No matter what, you should only access the student educational records that are necessary to do your job as an official of the University; any other access is a violation of FERPA. Additionally, even if you may access the information, you may not disclose it unless it is (a) qualifying directory information, (b) the disclosure falls under one of the FERPA exceptions, (c) the student themselves are seeking the information and have presented a photo ID, or (d) the student has provided written permission, signed and dated, that states the information they authorize release of and the person(s) to whom they authorize the University to release that information.
If a student requests a letter of recommendation and the letter includes information that falls within FERPA’s definition of educational records, a written release from the student is necessary prior to issuing it. You should ask the student to fill out a Letter of Recommendation Authorization Release (PDF).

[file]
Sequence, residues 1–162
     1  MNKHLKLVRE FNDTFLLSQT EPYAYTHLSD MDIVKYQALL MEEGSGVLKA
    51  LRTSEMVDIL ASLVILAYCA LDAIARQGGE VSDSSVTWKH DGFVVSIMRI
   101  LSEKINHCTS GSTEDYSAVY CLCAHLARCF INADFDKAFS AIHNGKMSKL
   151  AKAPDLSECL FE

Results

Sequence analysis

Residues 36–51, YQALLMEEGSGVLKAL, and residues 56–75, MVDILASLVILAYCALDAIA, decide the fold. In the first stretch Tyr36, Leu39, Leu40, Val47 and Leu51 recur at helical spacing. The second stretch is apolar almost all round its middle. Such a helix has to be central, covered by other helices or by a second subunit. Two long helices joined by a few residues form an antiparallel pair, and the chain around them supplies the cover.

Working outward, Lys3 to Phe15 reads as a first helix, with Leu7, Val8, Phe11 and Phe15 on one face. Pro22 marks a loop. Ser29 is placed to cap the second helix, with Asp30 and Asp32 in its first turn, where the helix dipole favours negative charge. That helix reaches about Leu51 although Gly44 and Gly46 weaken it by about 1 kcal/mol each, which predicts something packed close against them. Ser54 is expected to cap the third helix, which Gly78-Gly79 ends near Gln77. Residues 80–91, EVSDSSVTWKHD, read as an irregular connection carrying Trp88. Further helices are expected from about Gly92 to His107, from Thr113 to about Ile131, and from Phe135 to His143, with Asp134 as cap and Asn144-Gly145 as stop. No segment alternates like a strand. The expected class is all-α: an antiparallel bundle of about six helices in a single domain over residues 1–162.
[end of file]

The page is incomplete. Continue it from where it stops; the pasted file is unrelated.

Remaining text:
Statements in a recommendation that are based on the faculty member’s personal observations about a student do not require a written release from the student.
When holding class or student appointments over videoconference, you must be certain to use a password-protected invitation or an invitation that accepts only registered participants. You must also ensure that no non-directory information is available in any class or student appointment held via videoconference.
If you record and post a class, you should not post the recording publicly unless only the instructor is visible on the video and only the instructor’s name is shown in the recording. Any recording that contains a student’s personally identifiable information is part of that student’s educational record and is thus protected by FERPA. If you have any questions or concerns about FERPA-related issues before posting a video, please contact the Office of the Registrar.